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The ASD healthcare team can help to determine the causes of the various gastrointestinal problems a child is having. Testing for various food sensitivities will determine if the child's daily diet needs to be modified to avoid certain foods and food ingredients. For example, if the child has an allergy or intolerance to dairy proteins but not to soy proteins, a soy-based beverage such as PediaSmart® Soy Complete Nutrition Beverage can be substituted for milk in the diet. If milk sugar (lactose) is the problem, then a lactose-free product such as PediaSmart® Dairy or Soy Complete Nutrition Beverage could be used in place of milk. Other recommendations the healthcare team may provide include ways to help prevent or treat constipation. These may include:
- Drinking plenty of water and fluids
- Adding high fiber foods to the diet such as use of whole grain breads, cereals and crackers
- Adding natural laxatives to the diet such as prune juice, apple juice, figs, pears, plums, peaches and apricots
- Making sure the child gets adequate exercise each day
- Using a soy beverage such as PediaSmart® Soy Complete Nutrition Beverage in place of milk since soy-based beverages are less constipating than cow's milk.
There are numerous suggestions in the media, especially on the Internet, for use of special diets to treat a child with ASD. There are even theories related to food opioid peptides (small protein units that act like morphine) passing through a damaged intestinal wall, called "leaky gut," playing a role in ASD.1 At present, a "magic bullet" diet for ASD does not exist. Although 23-50% of children with ASD are reportedly on special diets, these diets have not been tested in a systematic, scientifically controlled way.6
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In fact, a thorough review of the scientific literature on the most popular of these diets, the GFCF diet, was conducted and the authors concluded "current evidence for efficacy of these diets is poor."7 This is not to say that all of the research has had poor results. Some research is beginning to show that there may be a subset of children with ASD who do respond well to certain dietary interventions. So some children will benefit from a special diet and others will show no improvement in symptoms.8
Before embarking on a special diet that may or may not work and which could also place the child at nutritional risk, consultation with the child's healthcare team, especially the registered dietitian, is warranted. The pros and cons of introducing a special diet can be reviewed. If a special diet is to be tried, there can be collaboration between the family and the healthcare team with a focus on nutrients of greatest concern such as Vitamin D, calcium and iron; ways to increase the variety of foods in the daily diet to ensure nutritional needs are being met; and the appropriate use of supplemental nutrition if needed, such as PediaSmart® Complete Nutrition Beverage.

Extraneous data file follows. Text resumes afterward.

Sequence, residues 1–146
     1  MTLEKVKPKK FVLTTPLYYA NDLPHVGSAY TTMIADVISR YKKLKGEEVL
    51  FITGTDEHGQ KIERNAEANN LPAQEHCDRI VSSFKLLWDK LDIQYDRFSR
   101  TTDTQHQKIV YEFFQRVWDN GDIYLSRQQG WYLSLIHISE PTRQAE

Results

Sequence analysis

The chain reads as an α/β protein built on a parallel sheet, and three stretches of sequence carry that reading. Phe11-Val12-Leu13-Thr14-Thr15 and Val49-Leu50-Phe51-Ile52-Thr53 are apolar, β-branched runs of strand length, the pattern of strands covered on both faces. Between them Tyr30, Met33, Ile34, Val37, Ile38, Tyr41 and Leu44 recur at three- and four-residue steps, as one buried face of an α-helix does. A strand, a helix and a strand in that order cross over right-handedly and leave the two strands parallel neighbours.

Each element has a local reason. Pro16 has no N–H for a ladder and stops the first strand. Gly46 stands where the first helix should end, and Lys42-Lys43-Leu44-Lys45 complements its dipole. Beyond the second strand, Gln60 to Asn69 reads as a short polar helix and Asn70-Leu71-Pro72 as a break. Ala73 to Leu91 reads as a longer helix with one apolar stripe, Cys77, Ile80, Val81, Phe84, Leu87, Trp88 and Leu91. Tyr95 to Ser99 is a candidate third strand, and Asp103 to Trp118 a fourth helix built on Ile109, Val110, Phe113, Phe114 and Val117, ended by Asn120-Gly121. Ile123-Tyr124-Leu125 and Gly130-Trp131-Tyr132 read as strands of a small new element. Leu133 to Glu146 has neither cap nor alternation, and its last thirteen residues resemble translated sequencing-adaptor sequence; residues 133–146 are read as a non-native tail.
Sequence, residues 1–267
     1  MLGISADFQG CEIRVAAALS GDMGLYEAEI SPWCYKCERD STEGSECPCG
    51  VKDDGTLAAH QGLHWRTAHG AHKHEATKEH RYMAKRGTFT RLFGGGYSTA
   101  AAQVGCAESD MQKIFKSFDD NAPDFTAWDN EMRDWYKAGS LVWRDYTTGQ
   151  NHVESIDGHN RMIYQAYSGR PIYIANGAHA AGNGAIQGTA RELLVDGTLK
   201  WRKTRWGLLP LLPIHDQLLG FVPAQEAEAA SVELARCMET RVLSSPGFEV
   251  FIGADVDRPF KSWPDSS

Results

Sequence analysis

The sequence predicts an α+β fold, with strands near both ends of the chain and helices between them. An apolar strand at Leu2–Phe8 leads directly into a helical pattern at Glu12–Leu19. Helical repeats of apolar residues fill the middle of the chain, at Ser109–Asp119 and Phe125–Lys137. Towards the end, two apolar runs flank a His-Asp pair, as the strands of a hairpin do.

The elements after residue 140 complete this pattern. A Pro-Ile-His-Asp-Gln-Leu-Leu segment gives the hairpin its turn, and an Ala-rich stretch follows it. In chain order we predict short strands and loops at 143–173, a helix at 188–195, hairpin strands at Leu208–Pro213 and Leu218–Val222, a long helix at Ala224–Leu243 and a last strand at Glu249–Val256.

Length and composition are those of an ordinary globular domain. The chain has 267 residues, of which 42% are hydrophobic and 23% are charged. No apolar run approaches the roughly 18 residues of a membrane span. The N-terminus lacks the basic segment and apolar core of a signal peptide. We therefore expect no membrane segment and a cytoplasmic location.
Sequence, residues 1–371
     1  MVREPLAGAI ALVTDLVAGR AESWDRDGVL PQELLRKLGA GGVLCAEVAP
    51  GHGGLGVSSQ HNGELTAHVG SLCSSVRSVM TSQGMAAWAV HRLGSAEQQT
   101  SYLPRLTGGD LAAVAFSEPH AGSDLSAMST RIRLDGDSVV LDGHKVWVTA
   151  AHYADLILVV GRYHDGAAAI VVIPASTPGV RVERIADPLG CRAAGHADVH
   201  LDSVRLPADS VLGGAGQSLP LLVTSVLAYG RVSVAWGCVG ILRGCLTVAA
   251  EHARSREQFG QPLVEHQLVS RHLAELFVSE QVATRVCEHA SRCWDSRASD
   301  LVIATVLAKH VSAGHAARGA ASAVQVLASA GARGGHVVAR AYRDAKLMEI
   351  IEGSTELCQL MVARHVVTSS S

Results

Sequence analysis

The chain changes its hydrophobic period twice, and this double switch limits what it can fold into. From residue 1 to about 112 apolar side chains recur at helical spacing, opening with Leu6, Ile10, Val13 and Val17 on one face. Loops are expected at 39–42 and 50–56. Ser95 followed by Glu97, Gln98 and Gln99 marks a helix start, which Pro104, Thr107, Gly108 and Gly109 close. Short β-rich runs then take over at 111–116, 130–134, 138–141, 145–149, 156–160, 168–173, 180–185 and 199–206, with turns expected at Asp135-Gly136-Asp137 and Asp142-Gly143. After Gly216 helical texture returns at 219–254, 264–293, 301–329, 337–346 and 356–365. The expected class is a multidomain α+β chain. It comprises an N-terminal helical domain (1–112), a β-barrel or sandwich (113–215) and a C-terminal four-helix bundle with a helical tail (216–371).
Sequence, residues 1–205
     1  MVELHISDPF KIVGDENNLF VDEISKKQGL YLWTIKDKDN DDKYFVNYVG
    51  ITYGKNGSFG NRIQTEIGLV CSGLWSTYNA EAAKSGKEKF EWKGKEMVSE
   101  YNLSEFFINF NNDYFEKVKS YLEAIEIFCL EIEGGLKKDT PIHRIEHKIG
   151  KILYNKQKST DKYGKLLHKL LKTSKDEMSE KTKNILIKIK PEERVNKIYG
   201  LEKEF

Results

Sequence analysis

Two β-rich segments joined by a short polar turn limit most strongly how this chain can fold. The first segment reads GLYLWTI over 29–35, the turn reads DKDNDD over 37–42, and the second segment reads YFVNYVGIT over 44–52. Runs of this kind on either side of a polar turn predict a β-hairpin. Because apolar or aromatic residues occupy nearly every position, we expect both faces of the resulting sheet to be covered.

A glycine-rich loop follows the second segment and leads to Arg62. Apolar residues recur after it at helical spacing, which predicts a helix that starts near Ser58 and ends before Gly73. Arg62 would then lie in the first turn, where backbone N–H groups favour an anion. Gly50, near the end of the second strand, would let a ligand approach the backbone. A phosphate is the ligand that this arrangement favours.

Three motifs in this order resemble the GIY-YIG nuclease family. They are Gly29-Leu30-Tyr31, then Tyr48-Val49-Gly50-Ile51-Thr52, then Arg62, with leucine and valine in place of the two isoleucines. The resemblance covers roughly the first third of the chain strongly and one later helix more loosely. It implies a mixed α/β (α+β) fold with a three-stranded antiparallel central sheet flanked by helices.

The various diets in the media being written about and promoted for ASD are all types of elimination diets where food items are withdrawn from the diet to determine if their removal results in a decrease or disappearance of various symptoms. The easiest to use and perhaps a good starting point for trying a special diet is the Feingold Diet. The Gluten Free/Casein Free Diet can then be added on under the guidance of the ASD healthcare team before going to the very difficult and restrictive diets being suggested in the media. Some of the diets being tried in ASD include:
- The Feingold Diet
The Feingold Program, often referred to simply as the Feingold Diet, was originally introduced to assist with the treatment of ADHD (Attention Deficit Hyperactivity Disorder). It is now also being investigated for the treatment of children with ASD. The program eliminates all artificial colorings and flavorings, aspartame (an artificial sweetener), artificial preservatives like BHA, BHT and TBHQ, aspirin, foods containing salicylate (a group of chemicals related to aspirin), and fragrances and non-food items containing any of these ingredients. The theory is that the body has a difficult time removing these harmful substances and they cause behavioral problems. Organic foods and organic certified food products, such as PediaSmart® Complete Nutrition Beverage (dairy & soy), are often recommended on this diet because they do not contain these harmful chemicals. The Feingold diet is perhaps the least difficult and least expensive diet to use before moving on to more complex diets. When other dietary restrictions are needed, the Feingold diet is often used in combination with the GFCF diet. Additional information on the use of this diet in children with ASD can be found at: Feingold.org
- Gluten Free/Casein Free (GFCF) Diet